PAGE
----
Jeonju is a really small city so it’s a nice, relaxing place to visit for a short weekend trip. Take your time enjoying all the sites in the culturally and historically rich ‘spiritual capital’ of Korea. There will be lots of eating on this trip so remember to get you tummies ready!
We started out early Saturday morning and caught the 6:00AM express bus from the Seoul Express Bus Terminal (서울고속버스터미날). Tickets were ₩12,000 per person which is average for the normal express bus. Jeonju is under the Honam line for express buses and should be connected to the Shinsegae mall. If you’re unsure, just ask the ticket counter or any workers! Jeonju takes about two hours to get to from Seoul.
Leaving the Jeonju Express Terminal, we rode the bus (Naver or Daum maps would be helpful in Jeonju where there is no subway) to our hostel, Jean’s Hostel. The hostel is a nice and clean place although bedding is lacking. It’s near the famous Jeonju Hanok Village and pretty much everything you need to see in Jeonju so I would recommend staying here or any other places near this location. If possible, booking a hanok stay would be even better (we booked too late so there were no more spots open).
Lunch at Gajok Huigwan (전주 가족회관)
One of the most famous foods from Jeonju is the Jeonju Bibimbap (there’s even a triangle kimbap with that flavor). This restaurant was recommended to us by our hostel and features only two menu options. One is the normal bibimbap for ₩12,000 and the other is the raw beef (yookhoe/육회) bibimbap for ₩15,000. The meal comes with delicious steamed egg and a huge variety of side dishes. The restaurant is located on the second floor but there should be a really large sign outside with its name.
Jeondong Cathedral (전동성당)
A large cathedral built in the 1900s with a Romanesque architecture, Jeondong Cathedral is worth a visit. It’s considered one of the most beautiful cathedrals in Korea.
Gyeonggijeon Palace (경기전)
If you’re a fan of sageuk dramas and have had your share of Joseon ones, you should know that the reigning family of the Joseon dynasty were the ‘Lee’ or ‘이’ family-specfically the Jeonju Lee’s. The Gyeonggijeon Palace is not exactly a palace but more of a family shrine. Every first Saturday of September (if I remember correctly…I don’t even remember the dates we went…I’m terrible), the family gathers to worship their ancestors here. The palace is closed then in the morning, but is open by noon. When we went, we happened upon them while entering a normally closed part of the shrine (with the tour guide of course, so it wasn’t technically our fault) and had an awkward stare down with them.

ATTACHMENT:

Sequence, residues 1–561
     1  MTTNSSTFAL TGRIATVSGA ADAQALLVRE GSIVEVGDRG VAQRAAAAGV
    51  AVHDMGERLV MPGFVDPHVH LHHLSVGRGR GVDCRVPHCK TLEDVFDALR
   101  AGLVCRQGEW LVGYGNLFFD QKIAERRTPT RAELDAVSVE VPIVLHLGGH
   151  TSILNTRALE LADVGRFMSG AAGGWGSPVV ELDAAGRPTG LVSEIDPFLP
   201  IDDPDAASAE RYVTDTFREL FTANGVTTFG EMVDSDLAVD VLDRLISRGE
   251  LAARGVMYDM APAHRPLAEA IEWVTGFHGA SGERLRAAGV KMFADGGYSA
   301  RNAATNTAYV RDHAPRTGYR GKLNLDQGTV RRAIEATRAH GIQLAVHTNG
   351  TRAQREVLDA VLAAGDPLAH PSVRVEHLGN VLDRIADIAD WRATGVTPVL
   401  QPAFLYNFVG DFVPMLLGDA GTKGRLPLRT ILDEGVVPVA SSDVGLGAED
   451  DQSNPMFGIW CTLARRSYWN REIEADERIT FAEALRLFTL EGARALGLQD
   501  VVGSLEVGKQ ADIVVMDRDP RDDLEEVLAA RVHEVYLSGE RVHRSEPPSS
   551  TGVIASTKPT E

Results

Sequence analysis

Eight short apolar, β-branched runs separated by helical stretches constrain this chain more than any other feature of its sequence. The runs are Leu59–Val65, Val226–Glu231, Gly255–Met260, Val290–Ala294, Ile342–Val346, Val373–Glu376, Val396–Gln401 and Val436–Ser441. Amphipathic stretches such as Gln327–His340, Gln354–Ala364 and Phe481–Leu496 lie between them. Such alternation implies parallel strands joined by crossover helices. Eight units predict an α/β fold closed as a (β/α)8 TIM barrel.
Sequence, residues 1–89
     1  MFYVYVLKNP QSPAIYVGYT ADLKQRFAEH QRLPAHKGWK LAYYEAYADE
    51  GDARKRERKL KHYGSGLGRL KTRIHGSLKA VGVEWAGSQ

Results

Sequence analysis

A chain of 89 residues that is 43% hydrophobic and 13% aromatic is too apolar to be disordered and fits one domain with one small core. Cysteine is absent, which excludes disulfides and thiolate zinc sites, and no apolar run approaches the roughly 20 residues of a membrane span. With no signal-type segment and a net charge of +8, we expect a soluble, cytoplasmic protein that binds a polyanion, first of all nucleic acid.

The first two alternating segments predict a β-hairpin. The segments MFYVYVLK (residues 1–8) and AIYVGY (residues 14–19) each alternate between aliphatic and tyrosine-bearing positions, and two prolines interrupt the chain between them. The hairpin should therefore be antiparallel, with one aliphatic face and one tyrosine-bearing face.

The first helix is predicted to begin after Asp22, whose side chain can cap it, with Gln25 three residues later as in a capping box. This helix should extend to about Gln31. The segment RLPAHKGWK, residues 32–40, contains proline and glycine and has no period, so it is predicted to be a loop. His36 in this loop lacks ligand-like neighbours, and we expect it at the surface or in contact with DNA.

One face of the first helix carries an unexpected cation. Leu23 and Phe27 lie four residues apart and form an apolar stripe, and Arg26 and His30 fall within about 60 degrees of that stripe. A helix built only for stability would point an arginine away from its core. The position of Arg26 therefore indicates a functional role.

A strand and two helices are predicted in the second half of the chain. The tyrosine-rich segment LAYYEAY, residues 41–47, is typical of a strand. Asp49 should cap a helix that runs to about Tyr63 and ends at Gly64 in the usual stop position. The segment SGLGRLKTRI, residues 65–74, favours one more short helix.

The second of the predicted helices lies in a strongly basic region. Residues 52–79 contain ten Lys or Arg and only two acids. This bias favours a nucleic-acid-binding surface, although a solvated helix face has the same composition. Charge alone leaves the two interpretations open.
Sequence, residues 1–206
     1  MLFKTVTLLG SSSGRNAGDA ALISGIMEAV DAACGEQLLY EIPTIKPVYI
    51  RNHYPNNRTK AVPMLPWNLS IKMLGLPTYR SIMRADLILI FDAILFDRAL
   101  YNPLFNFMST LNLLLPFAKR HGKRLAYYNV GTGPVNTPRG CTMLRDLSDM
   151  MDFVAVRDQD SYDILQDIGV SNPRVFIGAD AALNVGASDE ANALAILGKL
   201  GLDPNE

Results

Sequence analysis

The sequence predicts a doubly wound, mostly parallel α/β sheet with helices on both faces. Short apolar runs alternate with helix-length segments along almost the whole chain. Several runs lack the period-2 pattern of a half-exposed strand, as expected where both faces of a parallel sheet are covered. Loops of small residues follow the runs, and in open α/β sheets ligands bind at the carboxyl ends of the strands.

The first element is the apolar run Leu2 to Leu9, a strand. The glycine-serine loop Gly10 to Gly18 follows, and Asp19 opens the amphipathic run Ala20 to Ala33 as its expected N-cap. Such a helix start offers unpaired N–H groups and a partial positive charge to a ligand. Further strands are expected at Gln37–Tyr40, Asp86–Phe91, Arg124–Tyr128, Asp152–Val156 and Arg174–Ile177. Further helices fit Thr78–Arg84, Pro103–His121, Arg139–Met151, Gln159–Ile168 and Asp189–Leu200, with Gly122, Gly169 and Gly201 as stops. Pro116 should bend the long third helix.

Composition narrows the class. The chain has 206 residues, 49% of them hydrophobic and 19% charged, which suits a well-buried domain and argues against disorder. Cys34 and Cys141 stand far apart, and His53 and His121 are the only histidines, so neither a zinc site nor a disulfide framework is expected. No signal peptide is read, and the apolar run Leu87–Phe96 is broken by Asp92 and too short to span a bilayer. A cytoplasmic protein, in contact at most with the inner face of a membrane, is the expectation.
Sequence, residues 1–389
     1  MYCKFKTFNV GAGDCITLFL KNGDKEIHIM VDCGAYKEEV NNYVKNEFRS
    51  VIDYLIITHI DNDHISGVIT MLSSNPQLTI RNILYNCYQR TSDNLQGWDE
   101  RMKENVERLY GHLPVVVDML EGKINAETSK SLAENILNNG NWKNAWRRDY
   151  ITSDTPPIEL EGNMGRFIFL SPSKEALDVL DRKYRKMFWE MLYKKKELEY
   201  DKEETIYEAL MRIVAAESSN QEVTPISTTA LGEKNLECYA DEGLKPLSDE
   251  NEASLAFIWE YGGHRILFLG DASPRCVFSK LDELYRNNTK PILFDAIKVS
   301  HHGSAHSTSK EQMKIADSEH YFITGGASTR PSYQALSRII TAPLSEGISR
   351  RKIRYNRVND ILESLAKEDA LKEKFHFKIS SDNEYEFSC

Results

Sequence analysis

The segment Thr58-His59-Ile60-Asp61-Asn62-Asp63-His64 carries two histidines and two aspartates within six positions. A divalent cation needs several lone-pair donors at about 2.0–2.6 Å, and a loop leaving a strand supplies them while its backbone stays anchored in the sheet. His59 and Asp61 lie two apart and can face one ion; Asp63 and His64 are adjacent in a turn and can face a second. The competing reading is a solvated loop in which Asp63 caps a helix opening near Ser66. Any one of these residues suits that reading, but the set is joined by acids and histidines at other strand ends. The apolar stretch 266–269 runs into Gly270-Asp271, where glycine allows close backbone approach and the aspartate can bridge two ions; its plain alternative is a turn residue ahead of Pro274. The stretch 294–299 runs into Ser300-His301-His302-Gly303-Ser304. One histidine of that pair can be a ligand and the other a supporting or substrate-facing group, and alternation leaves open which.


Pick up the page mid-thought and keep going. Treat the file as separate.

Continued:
Free English tours are available at different times of the day (every one to two hours) and are highly recommended. Ours was at 2pm and without our fun and knowledgeable tour guides we wouldn’t have known that bamboos can act as a fire alarm or that our prince Bogummie filmed Love in the Moonlight here. Cue us squealing over a door and our tour guide saying that she’s too old for this.
Jaman Mural Village (자만벽화마을)
At the edge of the Hanok Village, there will be a bridge that connects the area to the Jaman Mural Village which offers a panoramic view of Jeonju.
Nambu Market (남부시장)
Nambu Market is one of the largest ‘traditional’ markets in Jeonju and every Saturday night, they have a little international food festival with a multitude of stands serving food from all over Asia. If it’s not a Saturday, the night market still offers a lot of options and there are also plenty of tasty restaurants there to choose from.
Day 2 is basically a relaxing day in the Jeonju Hanok Village, eating your way through all the restaurants and stores.
Here’s a short list of places and things to check out in the village.
Dawoorang (다우랑): Famous mandu place in Jeonju. I recommend going earlier in the day to avoid the line.
Hanbok Rental: Lots of options and prices around the area. The hanok village is the perfect place to take pictures!
PNB Confectionary (풍년제과): Get the Jeonju styled chocopie!
길거리아 바게트: A tasty baguette place in the hanok village.
교동다원: Hidden in an alley in the village, this traditional tea house is an escape from the busy streets full of tourists.
Learn about traditional Korean paper making techniques!
Omokdae & Imokdae
Similar to Gyeonggijeon Palace, Omokdae and Imokdae are memorials to the Lee family’s accomplishments.
Jeonju, like Seoul, features a lot of cute and unique cafes for you to relax at when you can no longer walk. When in season, you should definitely check out cafes that offer strawberry drinks and desserts! We spend out Saturday night after Nambu Market chilling at a quiet cafe.